I felt pulled into the crystal clear water and stood knee deep watching the shore break swell cascade from my left toward me. Mesmerized, I watched it growing in size until I was eye-level with deep blue as the wave crashed at me waist-high, dousing me with kid-like pleasure. Normally, I would have jumped out of the way (keep your clothes dry, grownup). Not on this morning. I felt Carolyn there being an anonymous player in the sea with me.
Her grandson, Zane, shared some facts I hadn’t heard before. If you stand with your feet sinking into the gooey, soft sand at the water’s edge, positive ions will flow from your body and you’ll receive energizing negative ions. Ions or not, as my feet sank deeper, to calf high, I just grinned. Now I was stuck and the waves played tag with me. My grin couldn’t have been bigger. A fresh spirit washed over me along with the salty water.
My day began in a wonderful way. No matter what your current sense of wonder or your existing spirit of presence and loving kindness, I invite you to let it expand even more by sharing this blog, “Clarity with Carolyn.” Begin your own ripple effect. P2SUP is my method of sharing. If you have thoughts on the subject or blogs/articles from which you glean inspiration please feel free to add them in the COMMENTS.
Sometimes I wish we had a drone with a great camera – and of course, some sweet editing skills to really document the fun we have had on knee to chest high waves on Maui this week. The zoom on our iPhone can’t quite capture the take off, far out from shore. Sometimes a still shot catches the wrong image. The videos show a small dot moving across a sweet wave. What can we do to really grab the most amazing images from a special trip?
So, I have no great pictures from this week, but I do have a strategy. I have a collection of images captured in my mind. It is a skill I learned from my son about 15 years ago. I requires an active and vivid reflection on the experience you want to save as an “image in the mind.”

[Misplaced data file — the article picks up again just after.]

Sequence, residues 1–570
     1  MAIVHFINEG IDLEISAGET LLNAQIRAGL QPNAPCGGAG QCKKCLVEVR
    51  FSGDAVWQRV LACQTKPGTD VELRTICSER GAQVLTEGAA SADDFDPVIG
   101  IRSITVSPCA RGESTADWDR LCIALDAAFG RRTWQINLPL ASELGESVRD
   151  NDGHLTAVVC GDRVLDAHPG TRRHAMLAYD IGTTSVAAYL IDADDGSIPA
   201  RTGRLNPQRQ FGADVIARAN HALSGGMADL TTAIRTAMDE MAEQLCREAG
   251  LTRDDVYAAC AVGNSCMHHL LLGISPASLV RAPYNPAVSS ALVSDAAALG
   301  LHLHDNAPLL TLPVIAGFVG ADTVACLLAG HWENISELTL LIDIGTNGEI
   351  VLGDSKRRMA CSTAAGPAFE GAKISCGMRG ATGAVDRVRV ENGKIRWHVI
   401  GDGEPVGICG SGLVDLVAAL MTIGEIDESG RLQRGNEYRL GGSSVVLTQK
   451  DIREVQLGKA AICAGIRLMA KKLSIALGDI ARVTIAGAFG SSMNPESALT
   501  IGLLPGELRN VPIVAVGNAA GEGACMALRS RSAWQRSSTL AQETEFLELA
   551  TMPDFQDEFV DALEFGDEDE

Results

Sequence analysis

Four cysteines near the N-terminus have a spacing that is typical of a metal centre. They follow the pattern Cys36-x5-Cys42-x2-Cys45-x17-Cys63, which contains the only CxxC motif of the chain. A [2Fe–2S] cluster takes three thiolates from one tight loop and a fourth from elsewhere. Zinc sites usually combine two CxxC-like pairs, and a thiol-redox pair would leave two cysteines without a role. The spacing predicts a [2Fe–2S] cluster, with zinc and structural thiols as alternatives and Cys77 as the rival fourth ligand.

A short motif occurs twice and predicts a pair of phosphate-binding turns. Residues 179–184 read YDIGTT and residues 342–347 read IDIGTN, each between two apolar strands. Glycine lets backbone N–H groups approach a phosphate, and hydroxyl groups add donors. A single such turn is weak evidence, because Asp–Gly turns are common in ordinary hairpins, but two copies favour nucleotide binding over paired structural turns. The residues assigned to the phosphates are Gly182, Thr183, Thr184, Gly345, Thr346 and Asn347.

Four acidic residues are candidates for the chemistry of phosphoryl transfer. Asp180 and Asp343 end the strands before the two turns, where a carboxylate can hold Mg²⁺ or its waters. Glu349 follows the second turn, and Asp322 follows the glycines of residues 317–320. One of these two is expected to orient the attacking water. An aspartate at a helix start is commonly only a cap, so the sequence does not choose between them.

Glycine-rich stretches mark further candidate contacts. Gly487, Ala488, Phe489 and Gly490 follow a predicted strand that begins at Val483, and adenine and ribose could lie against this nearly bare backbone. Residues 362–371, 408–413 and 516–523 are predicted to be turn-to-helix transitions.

I was out at Launiupoko and it was bigger and different than it had been the past few days we’d been there. I got some rides and I got hammered some. To be 68 and to get pounded is cool in itself. Anyway, I was taking my last wave in and I caught a chest high glassy swell. It was a right (my fav) and the wall held up so that I could carve up and down the face of that beauty.
I can feel my feet on the my board, the rail responding to shifts in weight bring me from the left angled take-off, to a bottom turn toward the right. I see the green blue of the wave face shimmering ahead of me. I usually find a breaking wave in front of me, but on this ride the wave held up and I carved toward the top, then slid smoothly back down. There was time to do this twice, so rare for me. With very little effort i can bring the image to my mind at will. I believe that ride will stay with me for a long time.
The funny thing is, the ride is a lot more beautiful and extraordinary in my mind than it likely would have been even if the best videographer captured it. I invite you to hone your mental-image photography skill.